I need to write an original procedure with exact numbers for creating a buffer:

Create a buffer using $\ce{CH3COOH}$ and $\ce{CH3COONa}$ that has a $\pu{pH}$ of exactly $3.75$.

A $\pu{50 mL}$ sample of your buffered solution has to be able to withstand the addition of $\pu{25.00 mL}$ of $\pu{0.10 M}$ $\ce{NaOH}$ solution.

"Withstand" here is defined as less "than $0.5$ change in $\mathrm{pH}$."

The buffered solution will break after the addition of no more than $\pu{35.0 mL}$ of the $\pu{0.10 M}$ $\ce{NaOH}$.

We are given $\pu{0.10 M}$ $\ce{NaOH}$ and $\pu{6 M}$ acetic acid.

Where I've got so far:

I took the $\mathrm{p}K_\mathrm{a}$ of acetic acid $(4.75)$ and the desired $\mathrm{pH}$ $(3.75)$ and put it into the Henderson-Hasselbalch equation:

$$3.75 = 4.75 + \log\frac{[\text{salt}]}{[\text{acid}]}$$

$$\log\frac{[\text{salt}]}{[\text{acid}]} = -1$$


$$\frac{[\text{salt}]}{[\text{acid}]} = 0.10,$$

which means we want the ratio $[\ce{CH3COONa}]:[\ce{CH3COOH}]$ to be $0.10$.

I think we can prepare a solution containing $\pu{0.10 M}$ $\ce{CH3COONa}$ and $\pu{1.00 M}$ $\ce{CH3COOH}.$ But with what we're given $(\pu{0.10 M}$ $\ce{NaOH}$ and $\pu{6 M}$ acetic acid), I don't know how to proceed and find exact numbers for a procedure.

  • $\begingroup$ It seems to me as almost exact copy of a recent question $\endgroup$ – Poutnik May 31 '19 at 16:39
  • $\begingroup$ chemistry.stackexchange.com/q/115839/35806 $\endgroup$ – Poutnik May 31 '19 at 16:45
  • $\begingroup$ And as requirements here are even more strict than there, neither here the resolution exists. The withstanding and breaking requirements are even more contradictory than before. Other buffer system must be used, with maximum capacity near pH=3.75. Or perhaps even lower. $\endgroup$ – Poutnik May 31 '19 at 16:51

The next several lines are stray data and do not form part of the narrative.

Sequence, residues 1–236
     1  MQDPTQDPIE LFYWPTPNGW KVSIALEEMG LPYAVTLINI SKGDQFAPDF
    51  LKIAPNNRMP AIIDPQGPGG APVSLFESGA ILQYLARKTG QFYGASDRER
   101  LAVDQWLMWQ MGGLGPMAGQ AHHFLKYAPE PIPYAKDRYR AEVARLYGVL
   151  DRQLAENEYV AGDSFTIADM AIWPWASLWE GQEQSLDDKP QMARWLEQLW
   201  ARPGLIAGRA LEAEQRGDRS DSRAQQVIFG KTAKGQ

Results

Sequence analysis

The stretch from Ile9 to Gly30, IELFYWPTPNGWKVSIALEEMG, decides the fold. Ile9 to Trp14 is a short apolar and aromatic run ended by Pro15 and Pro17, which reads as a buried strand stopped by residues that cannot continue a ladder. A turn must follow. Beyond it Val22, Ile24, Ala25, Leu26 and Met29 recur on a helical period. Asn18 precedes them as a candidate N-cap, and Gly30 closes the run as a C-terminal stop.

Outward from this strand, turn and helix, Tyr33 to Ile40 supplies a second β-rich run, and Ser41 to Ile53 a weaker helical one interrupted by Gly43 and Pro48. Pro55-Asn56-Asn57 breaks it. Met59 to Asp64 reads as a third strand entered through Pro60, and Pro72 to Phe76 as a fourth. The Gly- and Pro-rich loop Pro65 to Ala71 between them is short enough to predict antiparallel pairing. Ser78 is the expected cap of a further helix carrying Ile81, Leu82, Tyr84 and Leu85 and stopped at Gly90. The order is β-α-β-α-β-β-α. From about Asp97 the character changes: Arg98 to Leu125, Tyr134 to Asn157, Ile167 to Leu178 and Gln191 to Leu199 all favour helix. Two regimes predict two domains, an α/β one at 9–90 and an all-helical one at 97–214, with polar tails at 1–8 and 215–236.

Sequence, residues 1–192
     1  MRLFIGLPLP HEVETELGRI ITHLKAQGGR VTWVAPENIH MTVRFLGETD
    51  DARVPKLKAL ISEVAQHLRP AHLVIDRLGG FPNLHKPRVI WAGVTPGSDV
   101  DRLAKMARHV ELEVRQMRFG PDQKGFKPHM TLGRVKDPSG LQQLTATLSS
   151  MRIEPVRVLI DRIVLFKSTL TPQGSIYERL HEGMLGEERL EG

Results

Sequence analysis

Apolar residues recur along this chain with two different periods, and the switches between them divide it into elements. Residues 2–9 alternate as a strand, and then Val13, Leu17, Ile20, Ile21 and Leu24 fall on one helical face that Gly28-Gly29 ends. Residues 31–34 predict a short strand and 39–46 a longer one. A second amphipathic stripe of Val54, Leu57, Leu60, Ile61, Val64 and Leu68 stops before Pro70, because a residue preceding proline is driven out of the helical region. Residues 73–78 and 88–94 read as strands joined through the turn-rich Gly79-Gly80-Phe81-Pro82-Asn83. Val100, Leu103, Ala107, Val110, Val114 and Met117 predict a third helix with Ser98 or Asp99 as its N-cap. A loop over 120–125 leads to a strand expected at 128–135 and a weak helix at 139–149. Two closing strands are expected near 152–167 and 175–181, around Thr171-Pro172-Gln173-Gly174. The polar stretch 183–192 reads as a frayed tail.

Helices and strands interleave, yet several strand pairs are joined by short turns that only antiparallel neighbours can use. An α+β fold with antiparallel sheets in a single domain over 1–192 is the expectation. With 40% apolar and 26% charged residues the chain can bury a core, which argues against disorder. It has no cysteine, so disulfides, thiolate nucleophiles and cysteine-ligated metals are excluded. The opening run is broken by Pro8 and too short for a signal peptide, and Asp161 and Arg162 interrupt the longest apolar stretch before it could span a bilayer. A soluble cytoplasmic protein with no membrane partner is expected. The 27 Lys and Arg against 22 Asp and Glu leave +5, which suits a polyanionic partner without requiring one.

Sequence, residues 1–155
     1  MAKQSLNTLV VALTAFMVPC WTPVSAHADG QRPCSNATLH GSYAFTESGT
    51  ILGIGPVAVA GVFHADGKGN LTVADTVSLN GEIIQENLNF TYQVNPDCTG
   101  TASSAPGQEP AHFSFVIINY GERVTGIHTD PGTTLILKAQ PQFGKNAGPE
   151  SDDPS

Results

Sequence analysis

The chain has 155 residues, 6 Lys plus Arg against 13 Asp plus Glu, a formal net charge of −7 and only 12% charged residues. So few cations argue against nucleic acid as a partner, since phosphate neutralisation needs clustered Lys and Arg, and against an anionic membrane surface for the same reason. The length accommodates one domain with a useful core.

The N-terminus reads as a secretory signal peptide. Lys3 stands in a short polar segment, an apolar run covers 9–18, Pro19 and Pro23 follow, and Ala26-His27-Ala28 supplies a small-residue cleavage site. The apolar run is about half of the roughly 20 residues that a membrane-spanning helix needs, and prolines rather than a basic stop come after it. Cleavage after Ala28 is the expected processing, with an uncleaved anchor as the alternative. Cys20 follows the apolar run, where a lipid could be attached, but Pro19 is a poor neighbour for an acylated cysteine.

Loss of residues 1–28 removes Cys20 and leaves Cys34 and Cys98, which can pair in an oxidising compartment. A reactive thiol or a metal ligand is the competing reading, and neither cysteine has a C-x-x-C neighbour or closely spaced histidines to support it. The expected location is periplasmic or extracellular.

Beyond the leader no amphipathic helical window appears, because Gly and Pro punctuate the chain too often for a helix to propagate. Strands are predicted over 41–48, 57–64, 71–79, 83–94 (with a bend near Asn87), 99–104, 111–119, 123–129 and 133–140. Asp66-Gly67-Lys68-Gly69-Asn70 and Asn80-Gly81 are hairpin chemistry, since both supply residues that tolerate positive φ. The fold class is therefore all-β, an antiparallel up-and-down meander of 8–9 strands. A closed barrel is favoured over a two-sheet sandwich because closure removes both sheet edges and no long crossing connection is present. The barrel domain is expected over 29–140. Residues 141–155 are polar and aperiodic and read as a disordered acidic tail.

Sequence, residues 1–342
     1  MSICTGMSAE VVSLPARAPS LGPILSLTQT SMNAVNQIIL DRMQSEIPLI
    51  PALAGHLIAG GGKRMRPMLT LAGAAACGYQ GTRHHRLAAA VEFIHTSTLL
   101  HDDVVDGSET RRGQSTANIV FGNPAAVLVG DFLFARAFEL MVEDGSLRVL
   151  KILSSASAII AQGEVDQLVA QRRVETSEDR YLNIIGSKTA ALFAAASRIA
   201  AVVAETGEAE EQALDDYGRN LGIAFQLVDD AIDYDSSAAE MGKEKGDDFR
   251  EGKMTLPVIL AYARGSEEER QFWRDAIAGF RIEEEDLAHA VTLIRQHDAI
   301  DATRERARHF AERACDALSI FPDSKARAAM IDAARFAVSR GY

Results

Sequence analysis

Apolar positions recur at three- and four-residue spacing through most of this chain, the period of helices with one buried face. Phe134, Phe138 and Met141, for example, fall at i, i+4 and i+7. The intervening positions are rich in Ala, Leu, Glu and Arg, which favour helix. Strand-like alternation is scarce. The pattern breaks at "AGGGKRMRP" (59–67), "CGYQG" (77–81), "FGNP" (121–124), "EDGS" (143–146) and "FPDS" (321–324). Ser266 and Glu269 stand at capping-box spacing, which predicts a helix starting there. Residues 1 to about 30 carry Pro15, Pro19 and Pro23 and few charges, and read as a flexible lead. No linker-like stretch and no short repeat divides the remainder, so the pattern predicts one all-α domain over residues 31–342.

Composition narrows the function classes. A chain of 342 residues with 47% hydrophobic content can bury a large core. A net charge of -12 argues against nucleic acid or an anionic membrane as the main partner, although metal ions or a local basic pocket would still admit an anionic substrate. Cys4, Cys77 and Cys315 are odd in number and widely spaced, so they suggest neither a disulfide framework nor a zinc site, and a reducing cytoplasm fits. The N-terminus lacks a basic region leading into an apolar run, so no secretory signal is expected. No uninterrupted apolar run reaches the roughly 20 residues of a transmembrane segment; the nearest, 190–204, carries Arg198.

Initial note

The specific problem with your scenario is, that you need a buffer of buffer capacity progressively decreasing with increasing $\mathrm{pH}$, but capacity of simple buffers is for $\mathrm{pH} \lt \mathrm{p}K_\mathrm{a}$ increasing.

As consequence, its "breaking" capacity is too big, compared to "withstanding capacity".

General analysis

Let there is given the initial $\mathrm{pH_{ini}}$ and the acid dissociation constant $\mathrm{p}K_\mathrm{a}$

Let there there is given "breaking volume" of $\ce{NaOH}$ $V_\mathrm{br}$, where the buffer losses it's buffering ability.

Let there is given "withstanding volume" $V_\mathrm{ws}$ when $\mathrm{pH}$ changes by value $x$.


$$\mathrm{pH_{ini}}=\mathrm{p}K_\mathrm{a} + \log {R}$$


$$R=\frac{ [\ce{A-}]_\mathrm{init}} {[\ce{HA}]_\mathrm{init}}=10^{\mathrm{pH_{ini}}-\mathrm{p}K_\mathrm{a}}$$

$$\mathrm{pH_{ini}}+x=\mathrm{p}K_\mathrm{a} +\log \frac {R+V_\mathrm{ws}/V_\mathrm{br}\cdot (1-R)}{1-V_\mathrm{ws}/V_\mathrm{br}}$$

If we consider $$R_1=10^{\mathrm{pH_{ini}}+x-\mathrm{p}K_\mathrm{a}} $$ $$V_\mathrm{r}=V_\mathrm{ws}/V_\mathrm{br}$$

then $$R_1=\frac {R+V_\mathrm{r}\cdot (1-R)}{1-V_\mathrm{r}}$$

$$V_\mathrm{r}=\frac {R_1-R}{R_1-R+1}$$


The desired $$V_\mathrm{r}\ge \frac{25}{35}=0.714$$

Acetic acid case

If we consider acetic acid with $\mathrm{p}K_\mathrm{a}=4.75$ then $$R=10^{3.75-4.75}=0.1$$

If the change should be $\Delta \mathrm{pH}=0.5$:


$$V_\mathrm{r} =\frac{0.316-0.1}{0.316-0.1+1}=0.177\lt 0.714$$

If the change should be $\Delta \mathrm{pH}=1.0$:


$$V_\mathrm{r} =\frac{1-0.1}{1-0.1+1}=0.475 \lt 0.714 $$

Formic acid case

If we consider as a replacement e.g. formic acid with $\mathrm{p}K_\mathrm{a}=3.75$ then $$R=10^{3.75-3.75}=1$$

If the change should be $\Delta \mathrm{pH}=0.5$:


$$V_\mathrm{r} =\frac{3.16-1}{3.16-1+1}=0.684\lt 0.714$$

If the change should be $\Delta \mathrm{pH}=1.0$:


$$V_\mathrm{r} =\frac{10-1}{10-1+1}=0.9 \gt 0.714$$


  • Acetic acid is unuseable for making a buffer to fit your requirements.
  • Formic acid can be used to make a buffer with "withstanding" parametr $\Delta~ \text{pH} \lt +1.0$, seen in the other question.
  • Formic acid very tighly missed the "withstanding" parametr $\Delta~ \text{pH} \lt +0.5$, so seems about usable.
  • Even better results could be achieved with an acid with $\mathrm{p}K_\mathrm{a} \lt 3.75$ .
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